Filed under: JUNKe life
Size matters? Yep, it sure does when it comes to choosing the right sized syringe and needle for the job at hand.
For years the standard needle given out by needle exchange programs was the 1cc Insulin syringe, 28 gauge, 1/2 point. Basically that is a good all-around needle. But it actually is more large than needed for a lot of substances, particularly heroin or cocaine. 1cc or 100 units is required when one is cooking up a gunky morphine pill where you want to get as much water mixed in to make a substance which is diluted enough to actually push through a syringe. In fact, 100 units is just barely enough.
But for coke or heroin, which dissolve easily and clearly in just a little bit of water, the optimum is to use as little water as possible. Optimum because a lot of water isn’t required to dilute it, and because you want to have the liquid as strong as can be. A bunch of extra water just makes it less strong per unit. So, most people doing coke or heroin only use about 30 units of water, and therefore there are 70 units of the syringe which goes empty. That just means the syringe is unnecessarily large, which is a complaint of many cokers, particular some women who complain that the syringe is too big for their hand and hard to manipulate.
As a result, a lot of needle exchanges started handing out the 1/2 cc insulin syringes with the 28 gauge, 1/2 inch needle. Those a perfect for heroin or coke.
But what about the opiate users who are doing pharmaceuticals? And there’s a hell of a lot of us. Some of the pills we cook up need a lot of water to break down the pill component, and mix it up so that there is a shootable liquid. When using the standard 100mg MS Contin (i.e 1/10 of a gram of morphine) a 100 cc syringe is fine – commonly referred to as a gray.. One adds about 130 cc of water into the spoon with the crushed pill, and it cooks back to about 100 cc of liquid to shoot.
However, there’s a lot of us for whom a single 100mg pill is inadequate. It just isn’t a big enough dose to fulfill the amount of opiate we’re dependent upon. So we need to cook up two or three pills at a time. Or we might only be able to get the oranges (the 60mg size morphine pill). We need to do two of them just to get 120mg. Or four of them to equal two grays. Now we’re getting a whole lot of crushed up pill in a spoon, and it takes a lot of water to dilute it down to a liquid which isn’t just pure thick gunk.
This is where a bigger syringe really fits the bill. Basically the 3cc syringe. With a 3cc one can use 400 units of water to cook up a bunch of pills and get back 250-300 units of good liquid for injection.
Up until a while ago, it was rare to find the 3cc syringe without a big, nasty needle on it. Something in the 22 gauge range which causes quite the hole when it goes it. Its weird, but the smaller the gauge, the larger the diameter of the needle. So the 28 gauge is a pretty thin needle. And recently, companies are putting out even thinner needle points – 29 gauge ultra-fines, or even 30 gauge. The bonus with these fine points is they hardly hurt the vein at all since the hole they leave is so tiny. However, if they are too thin they can plug up with the substance you’re trying to shoot. This can happen with the adulterants in coke, speed or heroin on occasion, but it will happen a lot with pharmaceutical pills. In fact, it is almost impossible to use a 30 gauge for MS Contin morphine pills since you can’t squeeze the thick liquid out through such a tiny opening.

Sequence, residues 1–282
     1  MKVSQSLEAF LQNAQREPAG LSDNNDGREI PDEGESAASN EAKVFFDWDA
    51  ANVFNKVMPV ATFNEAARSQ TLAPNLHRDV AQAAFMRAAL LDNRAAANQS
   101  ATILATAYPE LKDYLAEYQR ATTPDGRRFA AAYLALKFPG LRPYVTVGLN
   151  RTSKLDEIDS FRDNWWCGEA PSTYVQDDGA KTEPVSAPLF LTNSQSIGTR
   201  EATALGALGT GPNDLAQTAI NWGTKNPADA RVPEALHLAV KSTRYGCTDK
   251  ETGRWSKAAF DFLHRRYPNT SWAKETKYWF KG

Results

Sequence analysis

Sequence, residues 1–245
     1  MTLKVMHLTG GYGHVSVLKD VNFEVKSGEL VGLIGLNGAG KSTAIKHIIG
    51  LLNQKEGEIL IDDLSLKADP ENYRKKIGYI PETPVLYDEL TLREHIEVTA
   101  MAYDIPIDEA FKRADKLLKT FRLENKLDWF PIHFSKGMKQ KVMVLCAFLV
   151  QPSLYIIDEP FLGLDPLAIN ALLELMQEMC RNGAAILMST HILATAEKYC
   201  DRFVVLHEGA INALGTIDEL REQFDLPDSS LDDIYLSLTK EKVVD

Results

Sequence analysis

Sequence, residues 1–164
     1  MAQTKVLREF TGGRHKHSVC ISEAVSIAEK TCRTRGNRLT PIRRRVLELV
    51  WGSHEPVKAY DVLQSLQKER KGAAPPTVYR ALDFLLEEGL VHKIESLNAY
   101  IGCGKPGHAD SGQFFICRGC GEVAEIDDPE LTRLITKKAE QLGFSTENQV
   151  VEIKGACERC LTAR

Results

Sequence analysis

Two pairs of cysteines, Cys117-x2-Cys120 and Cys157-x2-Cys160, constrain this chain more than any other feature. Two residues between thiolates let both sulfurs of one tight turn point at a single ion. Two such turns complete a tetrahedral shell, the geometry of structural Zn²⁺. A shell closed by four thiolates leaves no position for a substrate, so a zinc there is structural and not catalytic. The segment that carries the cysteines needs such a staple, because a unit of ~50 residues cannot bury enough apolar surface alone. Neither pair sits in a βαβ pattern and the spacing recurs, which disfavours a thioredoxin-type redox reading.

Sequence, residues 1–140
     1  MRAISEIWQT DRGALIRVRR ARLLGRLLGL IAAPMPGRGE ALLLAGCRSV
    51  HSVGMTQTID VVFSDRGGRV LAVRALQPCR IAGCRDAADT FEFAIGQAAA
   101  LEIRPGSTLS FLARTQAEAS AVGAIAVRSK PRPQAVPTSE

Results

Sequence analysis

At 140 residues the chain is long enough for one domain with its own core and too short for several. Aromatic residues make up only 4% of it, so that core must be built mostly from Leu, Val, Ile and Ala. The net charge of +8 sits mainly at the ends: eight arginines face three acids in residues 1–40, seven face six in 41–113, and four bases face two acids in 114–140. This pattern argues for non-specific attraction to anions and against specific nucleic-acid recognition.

The problem with the 3cc syringes was not too tiny of needle, but too large. The gauge would be so big that you damage your veins just using it. The best would be a 26 gauge, which is still a pretty big point when one is used to the 28 gauge. Luckily that has changed. Most 3cc come with disposable needle tips so if the needle it comes with is too thick you can just replace it with a smaller, thinning needle. And it is becoming common to find packages of needles for the 3cc syringes that are 27 1/2 gauge, even 28 or 29. So, it becomes no different than using a standard needle, except that you can get a whole lot more liquid inside it.
Which is perfect for me. I’ve started using the 3cc syringe with a 28 or 27 1/2 gauge needle tip a lot. It enables me to get back the adequate amount of morphine when I cook up three pills at a time. Previously, when cooking three pills and having to fit them into a 1cc syringe, it would be too thick. I’d have to over-dilute and therefore not draw back the full amount of morphine from the spoon. With the 3cc this isn’t a problem. I can add enough water to really dilute 3 pills adequately, and I can draw that entire liquid (in other words, all the morphine) into the syringe to shoot.
For pharmaceutical like dilaudid a 1cc syringe is just fine, so too for the Statex morphine pills which crush to powder. But for the standard MS Contin which is the most common morphine pills on the street, a 1cc syringe just doesn’t fit the bill. Hell, I’ve seen lots of people, including myself, having to split my dose into four or five syringes, shoot them one right after another, to get my full dose of morphine into me. That’s because it takes that much liquid to dilute down four or five pills into a liquid one can squeeze through a needle point.
So, if your local needle exchange isn’t yet providing 3cc (and even 5cc) syringes, with a bunch of the disposable 27 or 28 gauge needle points, ask them to do so. If need be, explain why because they may have no idea about the problems trying to fit one’s fix into a 1cc syringe.
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